Monday, July 27, 2009

"The Day I Became a Citizen, I Cried for Hours"

Eugenia Michels was born in Guatemala City. After graduating from high school and attending college for several years, she became an executive secretary for a non-profit agency in Guatemala. At her job, she made many American friends who invited her to visit them in the U.S.. Her first two trips to the United States were as a tourist.

Even with a stable, professional job in Guatemala, she faced hurdles in obtaining tourist visas. The first time she applied, the U.S. official threw her passport at her. Once they denied her a visa because they mixed her up with another applicant with the same first name. Only an intervention by a friend in the U.S. Embassy straightened out the muddle.

On her second trip to the U.S., she lived with an academic couple in Montana, visited friends all over the country, and eventually wound up in Nashville. “I went to a party one night, and I met a priest there, and a couple of days later another priest called me to offer me a job.” Eugenia told them she had a tourist visa, and the priest said he’d apply for a work permit for her; they needed a bilingual administrative assistant. “They got me a religious visa, but it wasn’t easy. As an employer, you have to show that no one else can do that job. They had advertised that position for four months without finding anyone.”

“I was there for five years, until I got married. I had met Ron [formerly a Catholic priest, now a pastoral counselor] in Guatemala before. We were good friends, and had stayed in touch for years. We were married in 1998, and then I moved to Ripon.”

With her change in status from a religious worker to the spouse of a citizen, Eugenia had to go through a whole new visa process. It took two years to get a green card, which she finally obtained in 2001. She became a U.S. citizen in 2007.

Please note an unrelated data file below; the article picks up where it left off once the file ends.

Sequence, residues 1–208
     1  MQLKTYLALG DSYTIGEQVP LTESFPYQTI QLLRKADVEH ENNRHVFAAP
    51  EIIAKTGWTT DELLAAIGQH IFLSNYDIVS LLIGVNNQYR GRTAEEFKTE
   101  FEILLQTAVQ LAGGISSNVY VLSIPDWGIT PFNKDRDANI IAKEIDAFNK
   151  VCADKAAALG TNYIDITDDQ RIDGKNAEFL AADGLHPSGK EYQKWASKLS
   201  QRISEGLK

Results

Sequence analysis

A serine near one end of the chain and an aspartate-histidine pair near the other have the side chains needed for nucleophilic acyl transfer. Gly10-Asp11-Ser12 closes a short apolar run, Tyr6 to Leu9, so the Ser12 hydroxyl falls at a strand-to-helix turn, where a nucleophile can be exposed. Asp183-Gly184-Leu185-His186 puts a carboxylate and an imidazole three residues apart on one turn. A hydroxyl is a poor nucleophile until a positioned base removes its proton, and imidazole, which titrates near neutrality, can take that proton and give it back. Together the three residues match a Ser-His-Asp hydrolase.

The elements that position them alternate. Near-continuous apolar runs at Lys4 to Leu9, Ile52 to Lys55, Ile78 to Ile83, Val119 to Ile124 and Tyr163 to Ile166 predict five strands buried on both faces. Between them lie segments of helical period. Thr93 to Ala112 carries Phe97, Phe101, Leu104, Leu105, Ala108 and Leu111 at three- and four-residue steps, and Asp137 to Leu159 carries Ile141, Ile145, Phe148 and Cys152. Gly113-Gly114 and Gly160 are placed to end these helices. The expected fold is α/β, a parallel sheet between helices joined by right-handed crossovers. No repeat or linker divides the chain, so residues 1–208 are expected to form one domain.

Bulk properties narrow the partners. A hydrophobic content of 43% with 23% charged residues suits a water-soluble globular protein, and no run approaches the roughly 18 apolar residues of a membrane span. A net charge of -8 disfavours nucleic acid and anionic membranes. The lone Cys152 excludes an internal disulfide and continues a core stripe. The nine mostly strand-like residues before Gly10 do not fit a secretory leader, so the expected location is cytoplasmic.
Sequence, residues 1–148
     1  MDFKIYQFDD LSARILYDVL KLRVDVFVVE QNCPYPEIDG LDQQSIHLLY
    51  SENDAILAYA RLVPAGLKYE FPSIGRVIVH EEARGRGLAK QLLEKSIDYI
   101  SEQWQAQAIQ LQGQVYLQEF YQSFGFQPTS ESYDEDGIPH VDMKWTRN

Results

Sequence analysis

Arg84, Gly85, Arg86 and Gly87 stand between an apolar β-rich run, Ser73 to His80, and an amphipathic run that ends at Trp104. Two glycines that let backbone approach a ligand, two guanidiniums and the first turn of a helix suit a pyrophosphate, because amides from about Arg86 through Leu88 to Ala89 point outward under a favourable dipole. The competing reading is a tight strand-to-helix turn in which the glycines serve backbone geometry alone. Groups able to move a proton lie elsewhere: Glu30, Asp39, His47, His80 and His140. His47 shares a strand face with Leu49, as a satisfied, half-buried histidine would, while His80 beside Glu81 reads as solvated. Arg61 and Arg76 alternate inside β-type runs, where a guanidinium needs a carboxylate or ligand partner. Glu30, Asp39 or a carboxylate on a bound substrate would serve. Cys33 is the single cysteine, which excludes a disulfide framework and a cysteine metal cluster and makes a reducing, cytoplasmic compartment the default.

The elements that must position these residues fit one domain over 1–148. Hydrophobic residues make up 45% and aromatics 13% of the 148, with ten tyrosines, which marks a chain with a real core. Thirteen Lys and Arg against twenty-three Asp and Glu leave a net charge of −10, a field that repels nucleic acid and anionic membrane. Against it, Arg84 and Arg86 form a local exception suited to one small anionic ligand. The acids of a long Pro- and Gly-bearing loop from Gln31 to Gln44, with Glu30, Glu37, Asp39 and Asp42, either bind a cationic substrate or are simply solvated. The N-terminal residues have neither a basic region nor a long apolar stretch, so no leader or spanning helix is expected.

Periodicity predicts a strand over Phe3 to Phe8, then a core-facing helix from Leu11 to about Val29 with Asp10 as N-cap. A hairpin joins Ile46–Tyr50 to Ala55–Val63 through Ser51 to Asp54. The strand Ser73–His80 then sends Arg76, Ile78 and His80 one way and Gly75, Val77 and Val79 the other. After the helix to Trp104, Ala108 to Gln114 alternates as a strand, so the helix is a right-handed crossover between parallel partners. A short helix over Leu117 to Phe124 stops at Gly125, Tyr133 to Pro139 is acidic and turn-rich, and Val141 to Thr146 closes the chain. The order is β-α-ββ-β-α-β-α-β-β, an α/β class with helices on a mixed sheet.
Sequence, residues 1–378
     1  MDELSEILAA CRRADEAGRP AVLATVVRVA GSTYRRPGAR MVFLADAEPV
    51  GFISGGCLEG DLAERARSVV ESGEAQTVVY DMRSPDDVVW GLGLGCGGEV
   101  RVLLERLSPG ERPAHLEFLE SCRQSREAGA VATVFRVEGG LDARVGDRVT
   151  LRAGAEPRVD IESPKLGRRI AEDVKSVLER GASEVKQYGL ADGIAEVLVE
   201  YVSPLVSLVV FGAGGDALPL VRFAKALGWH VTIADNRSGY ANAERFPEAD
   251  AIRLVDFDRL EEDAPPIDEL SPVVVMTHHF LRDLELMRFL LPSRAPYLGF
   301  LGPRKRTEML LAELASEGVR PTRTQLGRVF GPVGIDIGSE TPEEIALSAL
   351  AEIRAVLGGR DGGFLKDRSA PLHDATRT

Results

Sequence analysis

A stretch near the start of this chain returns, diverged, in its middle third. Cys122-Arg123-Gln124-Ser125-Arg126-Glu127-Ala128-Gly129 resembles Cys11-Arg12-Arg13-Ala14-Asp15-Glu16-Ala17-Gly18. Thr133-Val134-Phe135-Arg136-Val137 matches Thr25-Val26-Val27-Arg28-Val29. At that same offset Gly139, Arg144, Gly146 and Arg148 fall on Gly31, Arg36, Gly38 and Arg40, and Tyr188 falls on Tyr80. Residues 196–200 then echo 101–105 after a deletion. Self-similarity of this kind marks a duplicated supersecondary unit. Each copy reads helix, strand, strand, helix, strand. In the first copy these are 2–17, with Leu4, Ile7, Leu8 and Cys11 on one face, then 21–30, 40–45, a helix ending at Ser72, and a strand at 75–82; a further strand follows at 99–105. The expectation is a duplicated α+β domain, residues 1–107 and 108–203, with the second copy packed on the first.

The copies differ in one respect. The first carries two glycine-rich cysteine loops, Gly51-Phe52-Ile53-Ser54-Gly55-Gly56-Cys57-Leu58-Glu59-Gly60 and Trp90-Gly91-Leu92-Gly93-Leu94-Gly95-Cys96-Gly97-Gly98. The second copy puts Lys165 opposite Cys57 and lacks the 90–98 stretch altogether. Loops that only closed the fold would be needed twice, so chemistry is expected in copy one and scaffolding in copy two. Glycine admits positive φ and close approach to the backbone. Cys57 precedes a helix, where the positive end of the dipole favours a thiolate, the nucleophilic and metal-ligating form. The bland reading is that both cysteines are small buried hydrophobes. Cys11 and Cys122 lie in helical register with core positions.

Since living in Ripon, she has worked as an interpreter at the Green Lake Court, as a Family Services Coordinator for UMOS (United Migrant Opportunity Services), and as an administrative assistant at the Family Resource Center in Fond du Lac. She is currently considering returning to college in January.

She has found Ripon to be quieter and less friendly than Nashville, but on the whole a good place to live. “My neighbors in Nashville were mostly professionals and professors – I loved the neighborhood! Here I looked for a neighborhood association like we had there, but it doesn’t exist here.”

“I come from a big city and I’m so happy to have the College here. I love to look out the window and see the students walking by. And Dickens of a Christmas made me so happy! I was like a little girl! ‘There are people in this town!’”

While Eugenia achieved what many immigrants only dream of – U.S. citizenship – her decision was not an easy one. “The day I became a citizen, I cried for hours.” The Judge who oversaw her swearing-in spoke to the new citizens about the importance of not forgetting their heritage, and enriching their new country by sharing their culture with others. But Eugenia has found this to be a painful as well as a rich experience. “Changing cultures creates conflicts in you. Who am I? What am I doing here?”

She maintains a keen interest in the hurdles other immigrants face: the cultural adjustments of being newcomers, and frequent travails with ICE [Immigration and Citizenship Enforcement – since 9/11 part of the Department of Homeland Security.]